The Drowned City by K J Maitland: A fascinating exploration of the dark heart of Jacobean court politics - book review -

A year on from the treasonous Gunpowder Plot, one of the perpetrators has still evaded justice and revenge is in the air.

Wednesday, 7th April 2021, 12:30 pm
The Drowned City by K J Maitland

There’s word that this last Catholic conspirator might be in Bristol but a new kind of threat has overtaken the city… a deadly tidal wave has swept down the channel, destroying homes and killing thousands. Can anyone be found in the chaos of such terrible devastation?

When Karen Maitland’s extensive research stumbled across a little-known, disastrous real-life event in the south-western corner of England during the last days of January 1606, it was the spark that ignited the flame of an exciting new thriller series from one of our best known and loved historical novelists.

Much admired for a string of spooky medieval mysteries, but writing here as K.J. Maitland, this seasoned author has fast-forwarded in fine style to the early Jacobean period in the company of intriguing spy Daniel Pursglove, a man with a past… and almost no future.

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Steeped in the power play of a volatile period of English history – when the paranoid King James I was only three years into his reign and still living in the shadow of the Gunpowder Plot – The Drowned City brings us both a thrilling mystery and a fascinating exploration of the dark heart of Jacobean court politics.

A year to the day that men were executed for conspiring to blow up Parliament, a towering wave devastates the Bristol Channel. In a country where superstition is rife, some proclaim it is God’s vengeance, a thing of ‘strange and terrible beauty that was not of this world’… but there are others who see it as a chance to take advantage.

A month later in London, a prisoner known only as ‘Gallows’ because of the scarlet ‘firemark’ around his throat, lies in the foul straw of notorious Newgate prison waiting to die. But an unexpected visitor, Charles FitzAlan, a close adviser to King James I, has a job in mind for this skilled man and it will free him from rotting in the ‘hell pit’ of Newgate… if he succeeds.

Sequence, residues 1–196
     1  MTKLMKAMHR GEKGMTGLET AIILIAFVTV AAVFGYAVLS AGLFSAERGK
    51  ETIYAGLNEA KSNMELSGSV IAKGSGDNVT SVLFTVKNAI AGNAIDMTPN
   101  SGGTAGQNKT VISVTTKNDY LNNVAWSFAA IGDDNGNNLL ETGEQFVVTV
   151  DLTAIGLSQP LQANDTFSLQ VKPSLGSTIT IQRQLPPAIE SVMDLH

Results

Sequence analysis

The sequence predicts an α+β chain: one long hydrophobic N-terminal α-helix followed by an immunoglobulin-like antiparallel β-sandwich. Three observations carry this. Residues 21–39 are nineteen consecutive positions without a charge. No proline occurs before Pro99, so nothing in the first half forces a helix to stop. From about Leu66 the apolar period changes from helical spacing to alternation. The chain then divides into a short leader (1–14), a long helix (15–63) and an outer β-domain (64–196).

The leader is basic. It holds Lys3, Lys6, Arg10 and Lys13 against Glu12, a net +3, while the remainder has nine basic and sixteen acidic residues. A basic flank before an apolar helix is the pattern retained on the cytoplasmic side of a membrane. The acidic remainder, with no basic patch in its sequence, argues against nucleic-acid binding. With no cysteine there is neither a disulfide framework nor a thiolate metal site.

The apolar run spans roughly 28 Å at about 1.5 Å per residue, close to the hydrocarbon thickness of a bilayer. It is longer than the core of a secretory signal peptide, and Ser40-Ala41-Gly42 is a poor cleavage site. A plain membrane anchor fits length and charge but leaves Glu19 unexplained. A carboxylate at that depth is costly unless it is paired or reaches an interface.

The prisoner – who hasn’t a single living relative, or a friend who would dare to associate with him – is given the undercover name Daniel Pursglove and dispatched to Bristol, a hotbed of Catholic spies and now the perfect place for Spero Pettingar, the lone conspirator who evaded arrest after the Gunpowder Plot, to gather allies in the drowned city’s ensuing chaos.

King James I – ever fearful of plots against his life – has hardened his stance against England’s restless, scheming Catholic recusants and it’s Daniel’s make-or-break job to track down Pettingar and investigate whether the ‘author’ of this catastrophic flood was nature or the Devil.

But Daniel soon finds himself at the heart of a dark and powerful Jesuit conspiracy… and in pursuit of a ruthless killer.

Suspicion, superstition and spine-tingling suspense abound in this atmospheric trip to a city laid waste by death, destruction and lawlessness… a nightmare place where hunger and cold afflict the survivors, and the carcases of both people and animals float in the swollen rivers of water or simply lie where the sea had dropped them like ‘playthings.’

But danger comes from human nature as well as the natural disaster… recusant Catholics have not given up their fight against the new Protestant king whose constant fears of a religious plot have made him perilously unstable and paranoid.

In her trademark style, Maitland brings a past world to vivid life with her richly detailed scene-setting and masterful storytelling, enabling readers to almost smell the fetid miasma, taste the tang of death in the air, and feel the bone-chilling damp of the apocalyptic streets of ‘drowned’ Bristol.

Over two thousand souls were lost in the 1606 tsunami which reached a height of 25 feet and covered swathes of Devon, Somerset, Gloucestershire and South Wales… and it’s into this maelstrom that our flawed and mysterious hero, Daniel Pursglove, sets out on his personal life-and-death mission.

Packed with real history, an intriguing glossary of 16th century words and phrases, plots, priests, puritans, peril and plot twists, The Drowned City is a pulsating opener to what promises to be an exciting new series.

(Headline Review, hardback, £16.99)